The idea is based, apparently, on the fact that our two universities are located in cities with the same name.   Nevermind that we call ours “Cola” while they call their’s “CoMo.”  Forget that the football history between the two schools includes basically two games – both of which found the Gamecock players completely losing interest at halftime. And forget that the mean temperature of Columbia, MO is a cool 64 degrees while the same measurement is never even taken in Columbia, SC (our thermometers melt every July). Pastides believes we MUST have a football rivalry!

Count me as a solid “Nay” vote on this proposition.

Or wait, lets go the OTHER way – lets make EVERYONE our rival based on random similarities between completely disconnected facts.  For Example:

- Battle for the Tailgate:  South Carolina’s Fairgrounds and The Grove at Ole Miss

- Battle for the Bag of Fried Chicken:  We have a Bojangles right next to the Stadium and CTU has a Chick-fila on its campus – wait, it doesn’t?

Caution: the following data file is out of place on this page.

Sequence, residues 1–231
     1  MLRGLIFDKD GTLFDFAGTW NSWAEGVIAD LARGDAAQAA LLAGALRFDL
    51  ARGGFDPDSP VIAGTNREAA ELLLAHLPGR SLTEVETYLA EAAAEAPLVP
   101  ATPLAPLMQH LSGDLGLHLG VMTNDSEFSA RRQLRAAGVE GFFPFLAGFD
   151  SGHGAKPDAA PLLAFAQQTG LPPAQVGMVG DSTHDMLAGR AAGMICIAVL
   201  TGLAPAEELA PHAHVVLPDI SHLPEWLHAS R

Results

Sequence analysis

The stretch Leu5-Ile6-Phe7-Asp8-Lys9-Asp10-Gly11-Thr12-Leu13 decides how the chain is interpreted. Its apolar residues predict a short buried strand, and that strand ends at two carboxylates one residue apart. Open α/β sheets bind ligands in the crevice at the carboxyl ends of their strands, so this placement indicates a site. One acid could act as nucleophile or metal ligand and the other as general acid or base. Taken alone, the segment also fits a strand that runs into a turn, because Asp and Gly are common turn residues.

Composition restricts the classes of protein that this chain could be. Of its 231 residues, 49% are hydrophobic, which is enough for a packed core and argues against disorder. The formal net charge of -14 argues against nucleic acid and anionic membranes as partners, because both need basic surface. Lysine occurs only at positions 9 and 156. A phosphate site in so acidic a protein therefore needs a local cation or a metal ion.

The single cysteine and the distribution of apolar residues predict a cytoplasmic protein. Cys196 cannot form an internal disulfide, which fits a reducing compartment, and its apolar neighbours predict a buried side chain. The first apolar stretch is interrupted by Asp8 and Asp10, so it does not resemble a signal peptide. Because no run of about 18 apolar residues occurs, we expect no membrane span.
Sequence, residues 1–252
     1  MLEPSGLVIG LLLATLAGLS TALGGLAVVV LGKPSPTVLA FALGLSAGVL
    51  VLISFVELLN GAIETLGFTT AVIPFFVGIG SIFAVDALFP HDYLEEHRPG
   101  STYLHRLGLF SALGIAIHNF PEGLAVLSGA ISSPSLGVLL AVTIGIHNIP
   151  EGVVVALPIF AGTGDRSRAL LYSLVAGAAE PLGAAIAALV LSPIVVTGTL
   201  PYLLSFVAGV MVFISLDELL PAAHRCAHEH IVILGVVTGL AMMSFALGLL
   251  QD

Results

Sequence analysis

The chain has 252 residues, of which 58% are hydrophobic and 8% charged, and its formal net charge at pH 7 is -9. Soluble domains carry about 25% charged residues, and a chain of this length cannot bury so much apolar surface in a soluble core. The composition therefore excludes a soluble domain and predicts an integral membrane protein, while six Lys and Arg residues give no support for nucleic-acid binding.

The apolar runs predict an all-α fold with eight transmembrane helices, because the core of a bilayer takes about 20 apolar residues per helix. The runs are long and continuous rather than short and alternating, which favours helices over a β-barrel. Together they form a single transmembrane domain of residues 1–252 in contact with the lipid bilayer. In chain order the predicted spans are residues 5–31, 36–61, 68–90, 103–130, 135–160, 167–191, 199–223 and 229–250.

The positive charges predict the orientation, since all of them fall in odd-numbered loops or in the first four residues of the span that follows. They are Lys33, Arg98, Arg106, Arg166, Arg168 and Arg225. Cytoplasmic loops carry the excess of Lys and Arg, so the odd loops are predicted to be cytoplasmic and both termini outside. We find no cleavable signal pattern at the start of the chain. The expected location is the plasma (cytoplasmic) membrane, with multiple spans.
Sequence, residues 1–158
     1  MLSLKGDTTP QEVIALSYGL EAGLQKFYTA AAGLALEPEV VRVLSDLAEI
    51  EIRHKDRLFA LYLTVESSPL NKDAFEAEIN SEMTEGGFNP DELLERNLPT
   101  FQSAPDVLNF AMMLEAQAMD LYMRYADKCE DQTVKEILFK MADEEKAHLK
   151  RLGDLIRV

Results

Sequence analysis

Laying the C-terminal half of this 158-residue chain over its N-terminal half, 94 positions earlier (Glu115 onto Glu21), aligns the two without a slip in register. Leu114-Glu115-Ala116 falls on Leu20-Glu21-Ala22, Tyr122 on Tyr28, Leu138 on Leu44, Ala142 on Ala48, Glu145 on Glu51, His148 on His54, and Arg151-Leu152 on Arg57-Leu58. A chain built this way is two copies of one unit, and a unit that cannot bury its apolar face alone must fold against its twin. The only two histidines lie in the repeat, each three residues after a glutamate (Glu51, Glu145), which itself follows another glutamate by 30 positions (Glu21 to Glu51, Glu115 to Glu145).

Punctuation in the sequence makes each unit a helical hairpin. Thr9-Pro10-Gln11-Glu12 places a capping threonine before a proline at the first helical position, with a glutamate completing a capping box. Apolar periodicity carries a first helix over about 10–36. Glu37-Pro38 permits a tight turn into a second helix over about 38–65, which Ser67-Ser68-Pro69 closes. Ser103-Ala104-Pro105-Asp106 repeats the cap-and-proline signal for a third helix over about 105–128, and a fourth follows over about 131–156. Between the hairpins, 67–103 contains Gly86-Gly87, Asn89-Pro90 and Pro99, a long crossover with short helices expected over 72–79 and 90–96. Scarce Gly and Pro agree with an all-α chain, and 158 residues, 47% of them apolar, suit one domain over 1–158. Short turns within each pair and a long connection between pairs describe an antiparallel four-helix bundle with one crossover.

- Battle for the Towns that Sherman Burned Down:  Savannah doesn’t have D1 football, so I’ll go with SC/GTech

- Battle for the Holtz:  SC/Arkansas (although Lou still loves us and hate the stinking hog crap outa them for some reason)

- Battle for the Blowfish:  We had Hootie, Kansas had Mangino

- Battle for the Base:  We can see Fort Jackson, The Cuban National Soccer Team can see Gitmo.

See how ridiculous it is to partner random similarities and try to extract some meaning?

Dr. Pastides, let me offer the following illustration to assist you in discussing our rivalries.  Starting with the top left and traveling clockwise around the photo below, our rivals must 1) have fans in line there today, 2) be located east of this thing, 3) been sponsored at some point by this, and 4) always consider mustard as a condiment here.